This doesn’t mean that Singularity is bad – not by a long shot. Just as we all put up with “here comes COBRA!” in order to enjoy 20 minutes of explosions, I’m sure that anyone who plays Singularity will manage to put up with the wasted potential of its narrative to enjoy the time manipulation mechanics implemented I n what would have been an otherwise average shooter. What do I mean by this? Sure, it might give you a thrill to use a sniper rifle to shoot the head off some character, but the feeling one gets from putting 30 trailing soldiers in a slow-time bubble, turning around, stopping a missile in mid air as it flies towards you, and redirecting it into the slow-time bubble is simply amazing. The concepts that one can slow down time to travel long distances in order to save a character, or that one can age objects in the environment in order to have a stairway collapse on top of an enemy are simply priceless.
As far as the quantum mechanics implemented in the game, I’m not sure that I am qualified to comment on them. Howver, from the perspective of someone who has read a few pieces on the topic and seen virtually every film and read every text that includes the many worlds and branching realities theories, I must say that the game pulls it off rather well until the end. The alternate communist reality happens when the player is sucked into a time warp and rescues Demichev. In order to return to the normal timeline, it falls to reason, one must simply stop the Demichev rescue. Throughout the game, Dr. Borisoft, the one who invented time manipulation devices, is telling the player to destroy the singularity – a giant tower that refines time manipulation elements – in 1955. Destroying the singularity, Borisoft concludes, will prevent Demichev from doing any research on time manipulation, prevent it from overheating and having an accident, and prevent it from causing the Katorga 12 disaster. *Spoilers* When one finally accomplishes this by planting a bomb in the 1955 singularity and returns to 2010, the player finds that nothing changes. Demichev explains that all he had to do was rebuild the singularity. Here is where Borisoft suggests going back in time and stopping you from saving Demichev. However, this has already been tried and it failed. Here is when the player is treated to a flashback. As he was rescuing Demichev, a voice yelled “don’t let Demichev live!” This is a previous self going back in time to stop the player from rescuing Demichev. The player, then, is forced to make a decision: stay in the communist timeline and pledge your alliance to Demichev, stay in the communist timeline, kill Demichev and Borisoft, and rule the world, or go back in time and kill yourself in order to stop you from rescuing Demichev. It is here where the implementation of quantum theory gets a bit iffy.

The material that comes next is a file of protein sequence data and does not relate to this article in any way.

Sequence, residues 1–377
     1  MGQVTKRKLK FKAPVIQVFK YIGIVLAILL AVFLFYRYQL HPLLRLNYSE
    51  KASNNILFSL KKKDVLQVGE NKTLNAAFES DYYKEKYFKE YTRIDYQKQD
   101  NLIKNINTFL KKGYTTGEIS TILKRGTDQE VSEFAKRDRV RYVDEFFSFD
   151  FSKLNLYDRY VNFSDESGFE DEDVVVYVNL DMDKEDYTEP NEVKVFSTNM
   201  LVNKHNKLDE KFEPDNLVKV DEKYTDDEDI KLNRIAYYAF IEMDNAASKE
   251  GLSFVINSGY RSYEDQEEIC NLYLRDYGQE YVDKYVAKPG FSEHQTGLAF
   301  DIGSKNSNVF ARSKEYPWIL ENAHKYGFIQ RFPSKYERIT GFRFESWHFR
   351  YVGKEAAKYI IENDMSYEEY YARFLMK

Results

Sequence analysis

After going back in time to kill yourself the results should have been one of the two following:
(1) You and Demichev die in the past, which means that the timeline continues as it is, with you being born, growing up, joining the military, and being shot in a mission in Katorga 12 in 2010. Here a reality without you would continue to develop. Your comrades explore the now abandoned Katorga 12, find some radiation material, and bring it back to the US government. You are MIA.
(2) You and Demichev die in the past, which means the timeline continues as it is, with you being born and all that. Since you killed another version of yourself, you become embedded in that timeline, take over the role of yourself, and live on after finishing the mission in the knowledge of all the shit that happened. Your TMD will vanish because it was never created in the first place.
Instead, what happens is that one goes back in time, kills oneself, and is magically teleported to the helicopter before the mission. Somehow, because of Dr. Borisoft’s experimentation, Communist Russia is no longer Communist Russia, but, it is implied by the giant Dr. Borisoft statue, has become something along the lines of Borisoftia. This is a grotesque Deus Ex Machina where, it seems to me, the writers wanted to force a happy ending. And so, the good doctor develops the TMD, uses it for world good, and you do not have to go on the mission that started the whole mess in the first place.
Keep in mind, however, that my “training” in theoretical physics, quantum mechanics, and all that fun stuff consists of having read one book and some internet articles. So, what should you get out of this piece? That Singularity is a fun game that wasted narrative potential.